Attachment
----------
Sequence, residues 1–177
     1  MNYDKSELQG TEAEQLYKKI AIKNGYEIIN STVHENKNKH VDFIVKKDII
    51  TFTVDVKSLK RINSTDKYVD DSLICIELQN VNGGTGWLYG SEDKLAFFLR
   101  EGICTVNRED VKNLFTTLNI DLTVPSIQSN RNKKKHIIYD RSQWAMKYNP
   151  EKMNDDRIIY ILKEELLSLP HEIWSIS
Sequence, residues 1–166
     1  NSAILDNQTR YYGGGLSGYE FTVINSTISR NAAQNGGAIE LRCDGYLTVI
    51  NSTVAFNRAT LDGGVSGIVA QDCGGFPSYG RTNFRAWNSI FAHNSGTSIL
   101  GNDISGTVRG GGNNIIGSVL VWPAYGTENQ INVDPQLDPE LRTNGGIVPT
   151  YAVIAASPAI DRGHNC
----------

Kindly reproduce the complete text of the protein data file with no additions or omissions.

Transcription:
Sequence, residues 1–177
     1  MNYDKSELQG TEAEQLYKKI AIKNGYEIIN STVHENKNKH VDFIVKKDII
    51  TFTVDVKSLK RINSTDKYVD DSLICIELQN VNGGTGWLYG SEDKLAFFLR
   101  EGICTVNRED VKNLFTTLNI DLTVPSIQSN RNKKKHIIYD RSQWAMKYNP
   151  EKMNDDRIIY ILKEELLSLP HEIWSIS
Sequence, residues 1–166
     1  NSAILDNQTR YYGGGLSGYE FTVINSTISR NAAQNGGAIE LRCDGYLTVI
    51  NSTVAFNRAT LDGGVSGIVA QDCGGFPSYG RTNFRAWNSI FAHNSGTSIL
   101  GNDISGTVRG GGNNIIGSVL VWPAYGTENQ INVDPQLDPE LRTNGGIVPT
   151  YAVIAASPAI DRGHNC